614 On debian (which should work for Ubuntu), install apache2 with
  615 libapache2-mod-wsgi:
  616 
  617    -  ``sudo apt update``
  618    -  ``sudo apt install apache2 libapache2-mod-wsgi``
  619 
  620 this is the less tested method for installing mod_wsgi and may not
  621 install mod_wsgi-express, which is used below. However there is an
  622 example apache config included as part of `WSGI Variations`_ that can
  623 be used to hand craft an apache config.
  624 
  625 You should make sure that the version you install is 3.5 or newer due
  626 to security issues in older releases.
  627 
  628 Configure web interface via wsgi_handler
  629 ^^^^^^^^^^^^^^^^^^^^^^^^^^^^^^^^^^^^^^^^
  630 
  631 1. In the tracker's home directory create a ``wsgi.py`` file with the
  632    following content (substituting ``/home/admin/trackers/mytracker``
  633    with the absolute path for your tracker's home directory):
  634 
  635    .. code:: python
  636 
  637        from roundup.cgi.wsgi_handler import RequestDispatcher
  638        tracker_home = '/home/admin/trackers/mytracker'
  639        application = RequestDispatcher(tracker_home)
  640 
  641 To run the tracker on Port 8000 as a foreground process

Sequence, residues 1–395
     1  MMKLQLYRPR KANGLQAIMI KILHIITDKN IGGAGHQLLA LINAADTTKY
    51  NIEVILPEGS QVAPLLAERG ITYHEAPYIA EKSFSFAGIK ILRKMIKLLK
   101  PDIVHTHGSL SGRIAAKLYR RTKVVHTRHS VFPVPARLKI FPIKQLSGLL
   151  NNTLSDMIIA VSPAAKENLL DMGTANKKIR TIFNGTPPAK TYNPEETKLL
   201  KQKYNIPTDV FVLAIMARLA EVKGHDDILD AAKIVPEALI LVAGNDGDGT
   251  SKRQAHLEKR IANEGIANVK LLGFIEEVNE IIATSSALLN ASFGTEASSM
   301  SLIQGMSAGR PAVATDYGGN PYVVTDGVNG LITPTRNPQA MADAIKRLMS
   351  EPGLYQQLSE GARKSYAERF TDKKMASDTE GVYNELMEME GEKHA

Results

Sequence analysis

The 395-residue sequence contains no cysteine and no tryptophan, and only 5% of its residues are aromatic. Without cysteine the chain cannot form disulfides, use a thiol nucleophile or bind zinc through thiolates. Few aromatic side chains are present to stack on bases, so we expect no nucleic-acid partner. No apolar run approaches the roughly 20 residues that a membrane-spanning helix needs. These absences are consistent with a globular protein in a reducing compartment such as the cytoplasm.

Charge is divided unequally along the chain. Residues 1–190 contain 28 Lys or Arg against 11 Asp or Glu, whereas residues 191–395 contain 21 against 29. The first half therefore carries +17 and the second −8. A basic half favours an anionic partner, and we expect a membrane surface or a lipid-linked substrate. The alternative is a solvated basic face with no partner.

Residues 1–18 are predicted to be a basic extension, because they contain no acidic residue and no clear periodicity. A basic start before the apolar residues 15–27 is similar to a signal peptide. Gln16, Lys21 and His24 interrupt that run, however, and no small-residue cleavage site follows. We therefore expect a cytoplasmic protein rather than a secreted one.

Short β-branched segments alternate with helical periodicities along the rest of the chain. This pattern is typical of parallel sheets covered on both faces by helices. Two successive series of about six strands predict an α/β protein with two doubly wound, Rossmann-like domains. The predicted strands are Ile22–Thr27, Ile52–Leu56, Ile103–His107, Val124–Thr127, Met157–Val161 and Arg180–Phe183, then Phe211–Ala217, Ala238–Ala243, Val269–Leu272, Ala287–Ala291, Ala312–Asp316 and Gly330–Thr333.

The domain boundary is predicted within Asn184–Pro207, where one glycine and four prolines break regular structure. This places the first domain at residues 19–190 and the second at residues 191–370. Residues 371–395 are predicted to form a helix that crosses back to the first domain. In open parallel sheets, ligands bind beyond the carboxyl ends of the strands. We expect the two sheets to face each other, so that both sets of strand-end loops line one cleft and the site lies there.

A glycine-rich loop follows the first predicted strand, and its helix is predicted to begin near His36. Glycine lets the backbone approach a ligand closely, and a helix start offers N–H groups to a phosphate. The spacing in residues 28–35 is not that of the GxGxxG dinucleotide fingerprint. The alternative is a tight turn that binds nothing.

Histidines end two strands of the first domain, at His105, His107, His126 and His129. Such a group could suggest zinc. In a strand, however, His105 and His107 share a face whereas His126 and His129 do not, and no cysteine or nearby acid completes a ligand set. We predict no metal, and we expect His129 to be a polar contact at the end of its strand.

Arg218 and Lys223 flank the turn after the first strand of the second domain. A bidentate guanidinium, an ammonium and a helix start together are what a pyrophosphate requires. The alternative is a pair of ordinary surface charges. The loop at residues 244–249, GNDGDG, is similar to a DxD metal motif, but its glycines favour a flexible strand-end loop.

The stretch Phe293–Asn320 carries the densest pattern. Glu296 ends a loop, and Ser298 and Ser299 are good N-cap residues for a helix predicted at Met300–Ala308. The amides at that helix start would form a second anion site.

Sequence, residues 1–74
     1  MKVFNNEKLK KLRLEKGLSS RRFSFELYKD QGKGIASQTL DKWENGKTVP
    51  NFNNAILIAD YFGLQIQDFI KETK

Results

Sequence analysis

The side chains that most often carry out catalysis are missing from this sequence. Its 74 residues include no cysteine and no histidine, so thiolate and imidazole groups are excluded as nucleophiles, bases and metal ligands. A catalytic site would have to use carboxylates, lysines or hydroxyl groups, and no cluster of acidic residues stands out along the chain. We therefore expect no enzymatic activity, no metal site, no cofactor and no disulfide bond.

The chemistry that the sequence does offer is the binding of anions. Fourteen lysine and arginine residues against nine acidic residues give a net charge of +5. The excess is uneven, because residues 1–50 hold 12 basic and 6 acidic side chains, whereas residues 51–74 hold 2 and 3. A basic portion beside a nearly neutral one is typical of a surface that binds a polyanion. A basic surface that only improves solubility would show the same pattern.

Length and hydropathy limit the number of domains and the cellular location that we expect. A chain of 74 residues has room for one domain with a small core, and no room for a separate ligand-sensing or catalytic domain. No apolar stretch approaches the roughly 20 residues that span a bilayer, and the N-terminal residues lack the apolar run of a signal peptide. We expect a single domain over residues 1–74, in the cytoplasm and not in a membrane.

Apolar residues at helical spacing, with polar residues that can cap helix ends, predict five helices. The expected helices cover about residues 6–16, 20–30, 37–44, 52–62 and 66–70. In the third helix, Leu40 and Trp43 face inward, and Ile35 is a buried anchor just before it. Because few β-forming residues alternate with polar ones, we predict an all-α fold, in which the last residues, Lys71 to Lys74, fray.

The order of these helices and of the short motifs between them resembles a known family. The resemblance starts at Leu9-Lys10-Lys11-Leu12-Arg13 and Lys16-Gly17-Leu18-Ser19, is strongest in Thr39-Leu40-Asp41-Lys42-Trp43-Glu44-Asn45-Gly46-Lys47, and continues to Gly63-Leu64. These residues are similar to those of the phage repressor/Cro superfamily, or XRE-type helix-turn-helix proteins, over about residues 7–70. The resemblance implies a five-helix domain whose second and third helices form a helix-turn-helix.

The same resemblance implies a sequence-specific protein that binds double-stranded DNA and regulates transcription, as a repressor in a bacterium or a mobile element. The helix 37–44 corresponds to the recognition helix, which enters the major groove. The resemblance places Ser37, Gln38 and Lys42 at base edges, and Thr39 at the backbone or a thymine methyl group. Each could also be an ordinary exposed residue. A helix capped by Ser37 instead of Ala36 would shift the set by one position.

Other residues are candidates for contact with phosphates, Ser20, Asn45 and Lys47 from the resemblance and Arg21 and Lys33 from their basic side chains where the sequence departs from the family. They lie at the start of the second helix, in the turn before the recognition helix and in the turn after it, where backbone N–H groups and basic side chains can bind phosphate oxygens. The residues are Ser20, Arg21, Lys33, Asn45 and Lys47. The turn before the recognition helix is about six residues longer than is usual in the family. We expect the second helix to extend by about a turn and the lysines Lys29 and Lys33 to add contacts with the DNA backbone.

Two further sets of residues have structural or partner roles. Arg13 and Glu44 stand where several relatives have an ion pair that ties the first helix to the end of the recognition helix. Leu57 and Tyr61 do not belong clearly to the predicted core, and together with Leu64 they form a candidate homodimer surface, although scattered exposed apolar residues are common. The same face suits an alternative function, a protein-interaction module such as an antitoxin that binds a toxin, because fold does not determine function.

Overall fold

642 ^^^^^^^^^^^^^^^^^^^^^^^^^^^^^^^^^^^^^^^^^^^^^^^^^^^^^^^
  643 
  644 1. Change the ``tracker.web`` url in ``config.ini`` to port 8000 at the
  645    server domain name or ip address (e.g. http://11.11.11.101:8000/).
  646 2. Open port 8000 for TCP on the server if you didn't already do so.
  647 3. ``cd`` to your tracker home directory, then run
  648    ``mod_wsgi-express start-server wsgi.py``.
  649 4. Test by directing a browser on another machine to the url you set
  650    ``tracker.web`` to in ``config.ini``.
  651 
  652 Run tracker as background daemon
  653 ^^^^^^^^^^^^^^^^^^^^^^^^^^^^^^^^
  654 
  655 To run the tracker on Port 80 or as a background process, you'll need
  656 to configure a UNIX group with appropriate privileges as described in
  657 `UNIX environment steps`_. These steps are summarized here:
  658 
  659 1. To add a group named "mytrackergrp" run: ``sudo groupadd mytrackergrp``.
  660 2. Add the owner of the tracker home (admin in this example) run:
  661    ``sudo usermod -a -G mytrackergrp admin``
  662 3. Add user that runs Apache (the default on Ubuntu is www-data) run:
  663    ``sudo usermod -a -G mytrackergrp www-data``
  664 4. Add user mail service runs as (e.g. daemon) run: